Monetary policy has gone from being a tool to buy time and make structural reforms to being a tool to avoid them.
With the extremely dangerous perverse incentive to spend more without control and monetize it, impoverishing everyone, the credibility of the institution, of the currency and the transmission mechanism that allows a strong private economy are endangered, because the excess of debt is subsidized, while savings and prudent investment are penalized.
It is the unequivocal recipe for stagnation and structural worsening of an economy where the crowding-out effect of the public sector on the private sector is inadvertently encouraged through monetary policy. This leads to lower productivity, lower growth, and more debt.
Investors should not care if the stock markets and bonds suffer a correction after the excess of optimism and complacency of recent years.
Market participants should prefer that the ECB reinforces its independence, defends the currency and its citizens than scratch a couple of additional percentage points from a portfolio, because the alternative, stagflation, or outright crisis, do much more harm to more people throughout the eurozone.
One day the members of the central bank will realize that those who defend the euro and the eurozone are not those who applaud inflationism, fattening deficits, and the destruction of the currency’s purchasing power, but those of us who want the world to continue valuing the euro as a powerful global alternative. Probably when that time comes it will be too late and the alternatives will come from other currencies.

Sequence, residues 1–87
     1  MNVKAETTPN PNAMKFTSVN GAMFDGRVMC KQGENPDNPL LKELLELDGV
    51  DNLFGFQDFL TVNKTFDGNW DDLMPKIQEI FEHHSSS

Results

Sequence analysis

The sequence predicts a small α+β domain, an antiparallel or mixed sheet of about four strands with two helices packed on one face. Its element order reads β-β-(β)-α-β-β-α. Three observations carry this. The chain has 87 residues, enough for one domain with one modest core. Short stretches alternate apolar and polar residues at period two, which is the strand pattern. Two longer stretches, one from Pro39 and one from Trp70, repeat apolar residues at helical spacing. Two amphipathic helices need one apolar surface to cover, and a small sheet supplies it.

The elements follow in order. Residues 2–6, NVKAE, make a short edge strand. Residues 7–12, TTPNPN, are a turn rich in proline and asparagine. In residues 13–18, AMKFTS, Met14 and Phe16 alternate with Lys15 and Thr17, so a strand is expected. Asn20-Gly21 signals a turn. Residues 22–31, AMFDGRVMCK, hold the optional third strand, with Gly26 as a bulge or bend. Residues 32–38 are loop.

Destroying the purchasing power of currency is not a social policy. It is the most antisocial. It is impoverishing everyone. The independence of the ECB should not be in doubt, neither its respect for its unequivocal mandate.
This is a Hedgeye Guest Contributor note by economist Daniel Lacalle. He previously worked at PIMCO and was a portfolio manager at Ecofin Global Oil & Gas Fund and Citadel. Lacalle is CIO of Tressis Gestion and author of Life In The Financial Markets, The Energy World Is Flat and the most recent Escape from the Central Bank Trap. This piece does not necessarily reflect the opinions of Hedgeye.